Show all info
Study aim
Biomarker, Identification of content (omics approaches)
Sample
Species
Homo sapiens
Sample Type
Urine
Sample Condition
Control condition
Separation Method
(Differential) (ultra)centrifugation
dUC: centrifugation steps
Below or equal to 800 g
Pelleting: time(min)
70
Pelleting: speed (g)
20000
Wash: time (min)
70
Wash: speed (g)
20000
Characterization: Protein analysis
Protein Concentration Method
microBCA
Western Blot
Antibody details provided?
Yes
Detected EV-associated proteins
Alix, Annexin VII, EHD4
NA
EV170042 2/4 Homo sapiens Cell culture supernatant dUC Silvers CR 2017 22%

Study summary

Full title
All authors
Silvers CR, Miyamoto H, Messing EM, Netto GJ, Lee YF
Journal
J Cell Sci
Abstract
The mechanisms of bladder cancer progression are unknown, and new treatments and biomarkers are need (show more...)The mechanisms of bladder cancer progression are unknown, and new treatments and biomarkers are needed. Patient urinary extracellular vesicles (EVs) derive in part from bladder cancer cells and contain a specific protein cargo which may provide information about the disease. We conducted a proteomics study comparing EVs from the muscle-invasive bladder cancer (MIBC) cell line TCCSUP to EVs from normal urothelial line SVHUC. GO term analysis showed that TCCSUP EVs are enriched in proteins associated with the cell membrane, extracellular matrix, and inflammation and angiogenesis signaling pathways. Proteins characteristic of cancer EVs were further screened at the mRNA level in bladder cancer cell lines. In Western blots, three of six proteins examined showed greater than fifteenfold enrichment in patient urinary EVs compared to healthy volunteers (n = 6). Finally, we performed immunohistochemical staining of bladder tissue microarrays for three proteins of interest. One of them, transaldolase (TALDO1), is a nearly ubiquitous enzyme and normally thought to reside in the cytoplasm. To our surprise, nuclei were stained for transaldolase in 94% of MIBC tissue samples (n = 51). While cytoplasmic transaldolase was found in 89-90% of both normal urothelium (n = 79) and non-muscle-invasive samples (n = 71), the rate falls to 39% in MIBC samples (P < 0.001), and negative cytoplasmic staining was correlated with worse cancer-specific survival in MIBC patients (P = 0.008). The differential EV proteomics strategy reported here successfully identified a number of proteins associated with bladder cancer and points the way to future investigation. (hide)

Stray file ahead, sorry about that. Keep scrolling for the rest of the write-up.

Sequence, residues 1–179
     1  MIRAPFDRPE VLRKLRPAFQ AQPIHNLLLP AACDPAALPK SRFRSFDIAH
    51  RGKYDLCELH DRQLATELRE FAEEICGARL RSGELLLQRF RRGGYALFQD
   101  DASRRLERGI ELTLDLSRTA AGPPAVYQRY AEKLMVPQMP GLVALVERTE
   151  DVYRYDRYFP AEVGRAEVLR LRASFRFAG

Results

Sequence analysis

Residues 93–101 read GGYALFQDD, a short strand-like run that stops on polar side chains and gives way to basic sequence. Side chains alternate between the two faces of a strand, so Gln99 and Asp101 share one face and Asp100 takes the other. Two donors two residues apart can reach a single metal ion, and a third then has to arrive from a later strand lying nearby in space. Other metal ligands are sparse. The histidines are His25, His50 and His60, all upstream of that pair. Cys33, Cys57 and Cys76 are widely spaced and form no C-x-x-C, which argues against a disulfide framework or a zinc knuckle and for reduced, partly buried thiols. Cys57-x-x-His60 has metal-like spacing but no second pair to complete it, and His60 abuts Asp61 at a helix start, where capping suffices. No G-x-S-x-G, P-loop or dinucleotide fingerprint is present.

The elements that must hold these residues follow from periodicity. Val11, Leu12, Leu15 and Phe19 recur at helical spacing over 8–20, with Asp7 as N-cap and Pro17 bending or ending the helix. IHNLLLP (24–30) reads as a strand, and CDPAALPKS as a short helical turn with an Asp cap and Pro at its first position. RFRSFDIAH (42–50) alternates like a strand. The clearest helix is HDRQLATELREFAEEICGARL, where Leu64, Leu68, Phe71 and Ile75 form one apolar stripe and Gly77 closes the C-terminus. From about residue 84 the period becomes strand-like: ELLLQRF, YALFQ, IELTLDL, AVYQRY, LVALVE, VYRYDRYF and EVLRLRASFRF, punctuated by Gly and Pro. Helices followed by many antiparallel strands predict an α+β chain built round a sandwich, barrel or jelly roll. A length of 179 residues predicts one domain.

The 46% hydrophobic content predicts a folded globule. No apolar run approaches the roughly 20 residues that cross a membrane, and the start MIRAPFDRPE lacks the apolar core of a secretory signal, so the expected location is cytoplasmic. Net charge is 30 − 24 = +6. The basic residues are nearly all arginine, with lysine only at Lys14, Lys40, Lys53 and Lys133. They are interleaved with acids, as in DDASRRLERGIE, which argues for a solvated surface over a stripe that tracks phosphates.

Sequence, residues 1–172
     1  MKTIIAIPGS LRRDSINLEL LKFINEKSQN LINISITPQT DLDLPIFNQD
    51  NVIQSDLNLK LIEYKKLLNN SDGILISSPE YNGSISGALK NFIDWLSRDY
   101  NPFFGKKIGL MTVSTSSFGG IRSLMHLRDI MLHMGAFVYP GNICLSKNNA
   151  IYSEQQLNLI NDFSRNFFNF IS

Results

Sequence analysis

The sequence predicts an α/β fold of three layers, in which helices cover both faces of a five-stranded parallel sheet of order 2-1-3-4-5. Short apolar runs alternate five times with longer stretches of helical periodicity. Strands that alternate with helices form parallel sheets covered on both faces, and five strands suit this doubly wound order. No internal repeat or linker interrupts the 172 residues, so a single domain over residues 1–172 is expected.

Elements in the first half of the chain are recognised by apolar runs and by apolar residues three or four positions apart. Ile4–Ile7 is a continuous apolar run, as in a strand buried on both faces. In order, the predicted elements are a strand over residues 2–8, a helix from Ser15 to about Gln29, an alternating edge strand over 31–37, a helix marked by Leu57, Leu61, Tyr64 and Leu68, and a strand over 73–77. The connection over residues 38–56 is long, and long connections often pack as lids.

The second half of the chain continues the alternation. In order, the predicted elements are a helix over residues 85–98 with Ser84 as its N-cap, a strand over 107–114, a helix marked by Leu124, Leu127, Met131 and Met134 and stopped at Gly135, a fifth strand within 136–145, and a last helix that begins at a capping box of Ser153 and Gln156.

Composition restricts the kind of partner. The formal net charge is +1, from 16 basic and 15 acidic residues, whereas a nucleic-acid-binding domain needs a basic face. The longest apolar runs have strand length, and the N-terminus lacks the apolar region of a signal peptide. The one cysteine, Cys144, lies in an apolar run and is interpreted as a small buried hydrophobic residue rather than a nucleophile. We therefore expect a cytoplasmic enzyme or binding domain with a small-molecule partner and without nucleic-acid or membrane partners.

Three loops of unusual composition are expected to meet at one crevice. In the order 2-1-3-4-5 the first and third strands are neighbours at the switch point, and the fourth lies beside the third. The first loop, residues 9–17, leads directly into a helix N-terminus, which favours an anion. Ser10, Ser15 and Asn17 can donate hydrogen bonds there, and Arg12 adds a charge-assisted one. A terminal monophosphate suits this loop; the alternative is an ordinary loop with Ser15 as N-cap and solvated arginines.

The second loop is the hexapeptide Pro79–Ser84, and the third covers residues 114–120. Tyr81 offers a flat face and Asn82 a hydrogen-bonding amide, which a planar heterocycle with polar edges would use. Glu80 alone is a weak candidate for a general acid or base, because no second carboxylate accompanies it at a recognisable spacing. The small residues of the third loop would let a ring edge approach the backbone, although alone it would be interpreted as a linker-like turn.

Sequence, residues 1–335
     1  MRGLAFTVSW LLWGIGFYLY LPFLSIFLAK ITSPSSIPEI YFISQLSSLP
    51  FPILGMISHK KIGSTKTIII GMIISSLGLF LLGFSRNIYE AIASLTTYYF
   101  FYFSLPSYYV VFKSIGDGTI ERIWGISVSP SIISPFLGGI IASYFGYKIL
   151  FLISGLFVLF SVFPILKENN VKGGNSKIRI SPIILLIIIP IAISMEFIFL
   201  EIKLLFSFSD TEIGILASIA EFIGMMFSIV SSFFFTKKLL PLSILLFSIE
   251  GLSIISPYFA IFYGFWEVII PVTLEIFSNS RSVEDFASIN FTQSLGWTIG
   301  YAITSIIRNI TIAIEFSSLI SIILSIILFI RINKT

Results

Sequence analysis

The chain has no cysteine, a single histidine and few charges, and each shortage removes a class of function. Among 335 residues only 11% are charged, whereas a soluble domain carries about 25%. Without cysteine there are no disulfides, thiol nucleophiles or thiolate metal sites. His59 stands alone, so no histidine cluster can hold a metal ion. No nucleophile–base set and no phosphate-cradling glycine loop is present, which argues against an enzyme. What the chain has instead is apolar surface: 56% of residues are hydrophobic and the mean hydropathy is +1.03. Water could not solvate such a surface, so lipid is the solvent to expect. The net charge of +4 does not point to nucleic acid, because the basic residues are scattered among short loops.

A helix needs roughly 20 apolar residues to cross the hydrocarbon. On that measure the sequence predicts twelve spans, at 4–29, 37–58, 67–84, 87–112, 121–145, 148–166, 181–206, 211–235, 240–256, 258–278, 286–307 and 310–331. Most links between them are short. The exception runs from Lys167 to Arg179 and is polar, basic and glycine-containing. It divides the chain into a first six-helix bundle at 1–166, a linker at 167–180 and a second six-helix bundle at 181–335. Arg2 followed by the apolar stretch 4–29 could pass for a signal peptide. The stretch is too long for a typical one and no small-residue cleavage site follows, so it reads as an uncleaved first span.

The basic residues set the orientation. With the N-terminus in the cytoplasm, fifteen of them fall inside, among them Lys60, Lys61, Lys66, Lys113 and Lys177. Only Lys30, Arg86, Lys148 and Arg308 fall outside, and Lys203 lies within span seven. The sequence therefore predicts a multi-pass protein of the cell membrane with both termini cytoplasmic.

EV-METRIC
22% (49th percentile of all experiments on the same sample type)
 Reported
 Not reported
 Not applicable
EV-enriched proteins
Protein analysis: analysis of three or more EV-enriched proteins
non EV-enriched protein
Protein analysis: assessment of a non-EV-enriched protein
qualitative and quantitative analysis
Particle analysis: implementation of both qualitative and quantitative methods
electron microscopy images
Particle analysis: inclusion of a widefield and close-up electron microscopy image
density gradient
Separation method: density gradient, at least as validation of results attributed to EVs
EV density
Separation method: reporting of obtained EV density
ultracentrifugation specifics
Separation method: reporting of g-forces, duration and rotor type of ultracentrifugation steps
antibody specifics
Protein analysis: antibody clone/reference number and dilution
lysate preparation
Protein analysis: lysis buffer composition
Study data
Sample type
Cell culture supernatant
Sample origin
Control condition
Focus vesicles
extracellular vesicle
Separation protocol
Separation protocol
  • Gives a short, non-chronological overview of the
    different steps of the separation protocol.
    • dUC = (Differential) (ultra)centrifugation
    • DG = density gradient
    • UF = ultrafiltration
    • SEC = size-exclusion chromatography
dUC
Protein markers
EV: Alix/ TSG101/ CD9
non-EV: None
Proteomics
yes
Show all info
Study aim
Biomarker, Identification of content (omics approaches)
Sample
Species
Homo sapiens
Sample Type
Cell culture supernatant
Sample Condition
Control condition
EV-producing cells
TCCSUP
EV-harvesting Medium
EV-depleted serum
Preparation of EDS
>=18h at >= 100,000g
Separation Method
(Differential) (ultra)centrifugation